An Open Letter (and Apology) to Whites from a Black Man

I’m publishing the letter below that was written by my black husband. (It originally appeared on his Facebook page in November 2014.)


To my White Friends and Acquaintances,

I owe you an apology. I know that some of you think that the decision in Ferguson, to not indict the accused officer, was an instance of “justice.” I know that I have done my part in allowing those of you who feel this way to perpetuate the viewpoint that we live in a post racial society where we all have equal footing, opportunities, and civil liberties. At times like this, I feel responsible for perpetuating that viewpoint. Because I have been silent about my own experiences. And for that, I am sorry.

If you’re reading this on my Facebook feed, you’ve probably shared meals, libations, good times and fraternity with me at various points in the last 46 years. What you don’t know is that on the way to and from many of those parties, volleyball matches, practices, and banquets, I have been targeted, harassed, and detained (for hours at times) by law enforcement officers. I have been pulled over more times than I can count. I have been stopped and questioned while walking in public places. ME. Most of you could attest that I’m about as “thuggish” as the average kindergarten teacher.

Officers usually begin with, “what are you doing around here?” As if it were impossible to comprehend that someone “like me” could have a legitimate reason to be walking around in public areas or driving in certain neighborhoods. These episodes typically consist of having to produce my driver’s license and registration, and wait while the police officer checks DOT, FBI, and INTERPOL, and discovers that I have no outstanding warrants. I am either discharged with “a warning” (without ever being told why I was detained – at times for up to 90 minutes) or I will be issued a moving violation. These tickets are usually for offenses that are hard to disprove, like driving on the median strip or coming to a “rolling” stop at a stop sign. Things I wasn’t doing, by the way.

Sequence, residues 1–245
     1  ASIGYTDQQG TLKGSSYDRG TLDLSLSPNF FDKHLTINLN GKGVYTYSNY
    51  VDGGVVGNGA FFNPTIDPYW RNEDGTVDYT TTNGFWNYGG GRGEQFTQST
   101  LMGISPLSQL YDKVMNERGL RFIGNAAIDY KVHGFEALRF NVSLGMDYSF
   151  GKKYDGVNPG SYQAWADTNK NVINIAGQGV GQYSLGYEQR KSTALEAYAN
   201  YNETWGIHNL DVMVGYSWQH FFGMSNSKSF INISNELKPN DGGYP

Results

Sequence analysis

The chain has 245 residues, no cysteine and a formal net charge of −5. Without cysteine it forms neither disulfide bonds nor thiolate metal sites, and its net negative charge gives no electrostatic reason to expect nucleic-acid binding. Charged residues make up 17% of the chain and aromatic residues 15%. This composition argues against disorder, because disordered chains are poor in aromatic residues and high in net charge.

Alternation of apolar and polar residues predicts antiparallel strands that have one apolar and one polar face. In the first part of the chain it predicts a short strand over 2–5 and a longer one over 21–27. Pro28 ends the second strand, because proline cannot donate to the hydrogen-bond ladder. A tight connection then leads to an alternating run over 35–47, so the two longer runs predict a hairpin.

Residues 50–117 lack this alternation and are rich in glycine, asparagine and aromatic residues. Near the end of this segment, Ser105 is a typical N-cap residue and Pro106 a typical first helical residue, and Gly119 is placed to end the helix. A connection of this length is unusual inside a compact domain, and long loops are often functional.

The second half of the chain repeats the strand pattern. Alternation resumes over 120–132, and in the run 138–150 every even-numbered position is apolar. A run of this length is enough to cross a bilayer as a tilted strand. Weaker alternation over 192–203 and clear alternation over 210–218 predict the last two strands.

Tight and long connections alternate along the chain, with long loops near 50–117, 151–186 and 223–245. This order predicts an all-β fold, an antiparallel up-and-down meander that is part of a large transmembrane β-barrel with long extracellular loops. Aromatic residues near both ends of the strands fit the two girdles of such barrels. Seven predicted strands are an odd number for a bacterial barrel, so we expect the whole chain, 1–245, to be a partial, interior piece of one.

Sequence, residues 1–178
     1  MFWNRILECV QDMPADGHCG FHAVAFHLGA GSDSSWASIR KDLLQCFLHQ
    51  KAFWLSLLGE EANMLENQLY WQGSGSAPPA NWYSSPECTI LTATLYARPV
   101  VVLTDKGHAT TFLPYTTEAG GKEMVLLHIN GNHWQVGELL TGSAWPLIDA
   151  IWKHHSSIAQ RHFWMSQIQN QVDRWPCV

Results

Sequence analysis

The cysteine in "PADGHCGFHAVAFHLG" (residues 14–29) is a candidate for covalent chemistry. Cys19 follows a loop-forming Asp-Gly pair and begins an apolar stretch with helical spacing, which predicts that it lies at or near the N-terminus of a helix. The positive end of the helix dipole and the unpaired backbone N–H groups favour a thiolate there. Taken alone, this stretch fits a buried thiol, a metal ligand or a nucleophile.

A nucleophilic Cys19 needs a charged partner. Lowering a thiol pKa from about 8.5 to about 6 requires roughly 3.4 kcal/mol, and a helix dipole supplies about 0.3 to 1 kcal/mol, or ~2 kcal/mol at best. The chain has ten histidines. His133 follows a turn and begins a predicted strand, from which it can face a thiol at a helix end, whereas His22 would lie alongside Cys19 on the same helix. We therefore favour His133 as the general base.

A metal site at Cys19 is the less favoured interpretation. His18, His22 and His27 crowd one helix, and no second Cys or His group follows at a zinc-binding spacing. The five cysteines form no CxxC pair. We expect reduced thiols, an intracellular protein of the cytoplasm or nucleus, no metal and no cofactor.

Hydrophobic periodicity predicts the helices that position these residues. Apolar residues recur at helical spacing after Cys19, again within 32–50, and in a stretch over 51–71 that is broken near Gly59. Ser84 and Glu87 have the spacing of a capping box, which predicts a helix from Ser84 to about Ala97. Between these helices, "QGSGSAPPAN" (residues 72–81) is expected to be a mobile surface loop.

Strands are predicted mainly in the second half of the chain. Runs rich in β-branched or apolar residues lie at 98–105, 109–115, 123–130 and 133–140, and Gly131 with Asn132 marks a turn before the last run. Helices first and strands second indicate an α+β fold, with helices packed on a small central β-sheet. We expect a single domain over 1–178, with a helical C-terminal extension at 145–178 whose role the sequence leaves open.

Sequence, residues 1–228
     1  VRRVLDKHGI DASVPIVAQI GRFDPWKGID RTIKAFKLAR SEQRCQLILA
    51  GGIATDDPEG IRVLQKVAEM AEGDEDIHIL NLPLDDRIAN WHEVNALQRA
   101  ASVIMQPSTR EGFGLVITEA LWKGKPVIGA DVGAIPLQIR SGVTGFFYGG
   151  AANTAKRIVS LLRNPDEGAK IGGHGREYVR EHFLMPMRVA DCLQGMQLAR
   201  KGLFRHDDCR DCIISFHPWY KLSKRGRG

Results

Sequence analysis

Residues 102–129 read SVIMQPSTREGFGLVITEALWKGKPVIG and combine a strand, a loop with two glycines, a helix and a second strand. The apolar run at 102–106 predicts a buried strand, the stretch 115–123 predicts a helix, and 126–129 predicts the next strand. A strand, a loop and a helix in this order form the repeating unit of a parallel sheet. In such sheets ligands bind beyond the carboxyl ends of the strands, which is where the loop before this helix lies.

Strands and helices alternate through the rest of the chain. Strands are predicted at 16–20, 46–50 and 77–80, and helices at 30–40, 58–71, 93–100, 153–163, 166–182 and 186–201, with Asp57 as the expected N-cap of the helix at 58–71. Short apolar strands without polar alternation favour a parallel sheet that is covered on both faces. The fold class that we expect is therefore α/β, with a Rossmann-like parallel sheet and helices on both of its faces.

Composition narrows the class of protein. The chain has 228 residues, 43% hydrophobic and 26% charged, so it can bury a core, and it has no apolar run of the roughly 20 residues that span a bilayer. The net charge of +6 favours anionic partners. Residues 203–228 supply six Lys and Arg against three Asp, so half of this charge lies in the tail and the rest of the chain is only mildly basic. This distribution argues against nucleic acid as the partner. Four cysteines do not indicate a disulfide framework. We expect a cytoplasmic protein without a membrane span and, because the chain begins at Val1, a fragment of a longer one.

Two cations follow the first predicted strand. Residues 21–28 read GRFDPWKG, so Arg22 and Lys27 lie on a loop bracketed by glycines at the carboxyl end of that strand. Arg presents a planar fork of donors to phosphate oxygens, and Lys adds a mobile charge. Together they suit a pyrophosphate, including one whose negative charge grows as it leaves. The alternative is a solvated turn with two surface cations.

I was issued a ticket on my first day out driving at 16. I was so excited that I smiled at a police officer as I drove past him. He told me that he pulled me over for giving him a “wrongful look.” I was issued a ticket for an “illegal u-turn.” What I had actually done was use a driveway to turn around.

When I was 22, I was pulled over deep in the South Hills of Pittsburgh. I was tailgated by a police car for 2 miles. And I was driving as safely as anyone does when they notice a cop car behind them. I was finally pulled over, and after some time (running my info through checks that came up clean) I was issued a citation for “passing on the right.” It was a two-lane road and I was in the right lane. When a red light turned green, I accelerated faster than the car in the left lane as we both pulled forward (still below the speed limit). Knowing this was a mis-application of the law, I decided to contest the ticket in court. I was informed by the judge that he and the officer had already discussed the matter, and he had made his decision. The ticket would stand, and I would not be allowed to speak. I’m pretty sure that’s illegal, but at 22 I was too naïve to contest it.